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Putting an End to Glenn Beck's Racist Antics and Apocalyptic Rhetoric

The Fox host's attacks on Obama are beyond the pale. How much longer will his advertisers, like GEICO and Proctor & Gamble, accept this?
 
 
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Shock jock and Fox host Glenn Beck, who has built a career out of stoking the paranoid delusions of the right-wing fringe, managed to outdo himself last week when he accused President Obama of hating white people.

"The President has exposed himself as a guy … over and over and over again … who has a deep-seated hatred for white people … or the white culture…. I don't know what it is" Beck said on Fox and Friends.

Beck's wildly offensive charge, spurred by the recent controversy over the arrest of Henry Louis Gates, Jr., was the latest low in a longstanding conservative narrative that ludicrously paints white men as the victims of "reverse racism" and oppression by minorities.  Beck's egregious attack has prompted Color of Change to launch a campaign urging Beck's advertisers -- which include GEICO and Proctor & Gamble -- to stop sponsoring the shock jock's divisive hate-mongering.

It's about time. Beck's attack on Obama shocked even fellow conservatives. One of the hosts of Fox and Friends Brian Kilmeade – who recently made headlines by essentially arguing for eugenics – pointed to a pretty major flaw in Beck's reasoning: for an alleged racist, Obama sure spends a lot of time around white people, who make up the bulk of his administration.

Taken the tiniest bit aback by Kilmeade's rather incontrovertible logic, Beck tried to backpedal. Instead, he managed to say something even more offensive:

"I’m not saying he doesn't like white people. I'm saying he has a problem. This guy is, I believe, a racist."

This is hardly the first time that Beck's shameless scramble for ratings has led the talk show host to abuse logic and attack the President with thinly veiled racism. Or even the first time he's done so this month: a few weeks ago, Beck essentially claimed that Obama plans to surreptitiously impose reparations on an unsuspecting American public through his health care plan. The fact that there is no such thing as an "Obama health care plan" -- the President has laid out preferences but has not issued a "plan" -- was perhaps the least disingenuous part of Beck's accusation, which basically implied that Obama would betray the interests of White Americans to push the interests of Black Americans.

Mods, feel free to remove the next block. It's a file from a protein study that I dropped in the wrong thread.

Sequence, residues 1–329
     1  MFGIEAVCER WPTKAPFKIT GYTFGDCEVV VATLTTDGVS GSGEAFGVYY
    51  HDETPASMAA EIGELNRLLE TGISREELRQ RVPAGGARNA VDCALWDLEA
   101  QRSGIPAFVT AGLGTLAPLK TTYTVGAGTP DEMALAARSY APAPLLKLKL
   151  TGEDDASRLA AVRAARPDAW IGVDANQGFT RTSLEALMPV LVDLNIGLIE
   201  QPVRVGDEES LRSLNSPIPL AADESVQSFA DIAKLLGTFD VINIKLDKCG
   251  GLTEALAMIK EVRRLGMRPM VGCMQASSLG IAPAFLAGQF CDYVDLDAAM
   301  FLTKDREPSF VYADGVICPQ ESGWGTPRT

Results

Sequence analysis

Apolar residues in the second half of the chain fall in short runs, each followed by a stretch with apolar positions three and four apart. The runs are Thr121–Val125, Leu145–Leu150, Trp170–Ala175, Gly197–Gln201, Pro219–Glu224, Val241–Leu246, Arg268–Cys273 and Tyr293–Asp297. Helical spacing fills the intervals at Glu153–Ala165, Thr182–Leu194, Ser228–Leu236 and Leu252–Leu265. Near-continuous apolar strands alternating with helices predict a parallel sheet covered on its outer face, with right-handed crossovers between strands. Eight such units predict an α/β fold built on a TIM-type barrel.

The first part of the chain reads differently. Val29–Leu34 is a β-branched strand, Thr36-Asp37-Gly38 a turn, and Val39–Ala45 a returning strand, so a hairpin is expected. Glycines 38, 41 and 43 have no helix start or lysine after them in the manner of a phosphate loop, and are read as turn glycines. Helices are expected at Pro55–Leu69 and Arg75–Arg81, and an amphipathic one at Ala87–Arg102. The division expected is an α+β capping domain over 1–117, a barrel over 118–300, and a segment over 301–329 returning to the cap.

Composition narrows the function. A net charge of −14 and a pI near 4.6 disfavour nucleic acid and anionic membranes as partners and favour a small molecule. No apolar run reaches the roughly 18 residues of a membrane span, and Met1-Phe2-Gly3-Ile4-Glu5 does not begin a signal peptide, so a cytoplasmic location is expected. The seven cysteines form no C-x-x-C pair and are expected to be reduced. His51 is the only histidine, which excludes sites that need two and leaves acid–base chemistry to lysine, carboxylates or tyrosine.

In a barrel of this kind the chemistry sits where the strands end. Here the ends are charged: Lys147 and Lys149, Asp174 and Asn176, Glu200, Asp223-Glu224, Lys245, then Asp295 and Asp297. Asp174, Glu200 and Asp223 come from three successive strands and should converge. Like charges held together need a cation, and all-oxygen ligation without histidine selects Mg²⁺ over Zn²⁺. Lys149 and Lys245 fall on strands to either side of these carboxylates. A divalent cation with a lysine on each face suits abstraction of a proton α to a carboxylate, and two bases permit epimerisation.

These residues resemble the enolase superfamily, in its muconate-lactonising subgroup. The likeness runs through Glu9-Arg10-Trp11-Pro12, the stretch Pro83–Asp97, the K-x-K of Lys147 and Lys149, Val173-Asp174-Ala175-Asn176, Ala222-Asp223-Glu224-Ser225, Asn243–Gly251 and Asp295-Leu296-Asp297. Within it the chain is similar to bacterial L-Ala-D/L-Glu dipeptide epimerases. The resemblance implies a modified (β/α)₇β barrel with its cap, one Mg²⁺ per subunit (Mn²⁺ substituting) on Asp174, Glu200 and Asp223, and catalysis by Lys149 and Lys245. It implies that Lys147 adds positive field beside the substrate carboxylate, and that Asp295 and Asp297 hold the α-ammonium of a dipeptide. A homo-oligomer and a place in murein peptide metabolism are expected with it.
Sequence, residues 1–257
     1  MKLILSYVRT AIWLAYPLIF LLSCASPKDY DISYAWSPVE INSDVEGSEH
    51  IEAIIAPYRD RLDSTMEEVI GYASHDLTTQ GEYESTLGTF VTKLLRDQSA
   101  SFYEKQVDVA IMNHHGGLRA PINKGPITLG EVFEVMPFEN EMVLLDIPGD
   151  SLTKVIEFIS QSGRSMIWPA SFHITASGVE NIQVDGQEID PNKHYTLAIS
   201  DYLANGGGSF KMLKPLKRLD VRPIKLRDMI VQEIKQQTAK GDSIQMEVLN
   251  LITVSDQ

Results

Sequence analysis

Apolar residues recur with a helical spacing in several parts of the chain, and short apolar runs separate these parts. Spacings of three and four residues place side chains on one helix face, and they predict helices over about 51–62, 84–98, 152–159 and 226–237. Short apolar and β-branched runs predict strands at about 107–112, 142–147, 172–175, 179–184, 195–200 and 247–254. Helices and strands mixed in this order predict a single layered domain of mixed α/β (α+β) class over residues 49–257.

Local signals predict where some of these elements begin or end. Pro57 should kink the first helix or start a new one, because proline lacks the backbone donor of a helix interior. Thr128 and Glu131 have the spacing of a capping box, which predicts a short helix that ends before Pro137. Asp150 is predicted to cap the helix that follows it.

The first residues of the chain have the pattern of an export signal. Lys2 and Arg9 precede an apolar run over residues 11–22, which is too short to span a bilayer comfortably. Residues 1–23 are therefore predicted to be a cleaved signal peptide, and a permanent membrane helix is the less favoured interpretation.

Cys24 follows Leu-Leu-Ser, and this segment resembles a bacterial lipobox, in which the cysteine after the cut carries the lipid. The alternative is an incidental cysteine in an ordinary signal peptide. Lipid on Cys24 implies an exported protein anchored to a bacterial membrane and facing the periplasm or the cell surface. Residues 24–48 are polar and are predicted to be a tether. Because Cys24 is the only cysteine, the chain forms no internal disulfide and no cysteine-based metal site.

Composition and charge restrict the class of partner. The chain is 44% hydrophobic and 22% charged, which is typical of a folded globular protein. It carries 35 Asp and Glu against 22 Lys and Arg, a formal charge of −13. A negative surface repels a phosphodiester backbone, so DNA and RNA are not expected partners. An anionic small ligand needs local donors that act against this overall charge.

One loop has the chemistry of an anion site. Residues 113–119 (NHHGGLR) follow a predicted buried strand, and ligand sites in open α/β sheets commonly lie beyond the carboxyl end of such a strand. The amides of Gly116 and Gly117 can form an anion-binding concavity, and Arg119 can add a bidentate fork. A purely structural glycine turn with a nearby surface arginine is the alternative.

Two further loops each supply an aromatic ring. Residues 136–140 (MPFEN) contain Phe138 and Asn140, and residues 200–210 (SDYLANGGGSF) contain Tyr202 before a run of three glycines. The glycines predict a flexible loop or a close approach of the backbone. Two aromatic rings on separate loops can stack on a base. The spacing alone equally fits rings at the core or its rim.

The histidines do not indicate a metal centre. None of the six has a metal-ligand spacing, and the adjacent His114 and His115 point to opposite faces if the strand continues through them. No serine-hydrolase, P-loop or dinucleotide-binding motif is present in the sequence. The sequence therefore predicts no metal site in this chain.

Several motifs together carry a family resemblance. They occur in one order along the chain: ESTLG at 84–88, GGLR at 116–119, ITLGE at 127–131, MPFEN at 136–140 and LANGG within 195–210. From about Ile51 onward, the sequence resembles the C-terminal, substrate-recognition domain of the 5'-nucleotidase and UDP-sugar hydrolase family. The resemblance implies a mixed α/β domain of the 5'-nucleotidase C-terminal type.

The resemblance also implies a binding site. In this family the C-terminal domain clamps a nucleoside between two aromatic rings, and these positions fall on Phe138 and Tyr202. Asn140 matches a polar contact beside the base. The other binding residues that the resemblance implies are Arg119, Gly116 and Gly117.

Beck has made a hobby out of using extreme and inflammatory theatrics to attack Obama. In a recent disturbing example, Beck poured water out of a gasoline can on a volunteer, screaming that Obama's position   on immigration spelled America's doom.

So far, Beck's hateful sermons have triggered almost non-stop condemnation from liberal circles and even the mainstream media. Beck's latest outburst was excoriated across the web and on cable news. On Sunday, CNN media critic Howard Kurtz wondered if Beck should be fired over his latest comments.

"Apparently, you can say anything about the President of the United States and still stay on the air" said Kurtz. "My needle has hit the maximum [of outrage]."

Even Joe Scarborough signalled that Beck had gone too far, tweeting "Conservatives attacked the Dixie Chicks for saying much less about President Bush than what Beck said about President Obama."

Unfortunately, Beck's irrational, vitriolic rants have also earned him high-ratings, a book, a series of attention grabbing profiles in the mainstream media, and perhaps most ominous of all, a country-wide comedy tour.

Despite widespread criticisms,   Beck's high ratings ensure that the Fox network (and Clear Channel, which hosts his radio show) will not push Beck to lay off. In fact, last week Fox put out a statement "distancing" itself from the controversy, but not condemning Beck's statement. The network relied on a strategy employed by woosy corporations everywhere, stating that Beck's opinions do not reflect those of the network but stopping short of censuring the host.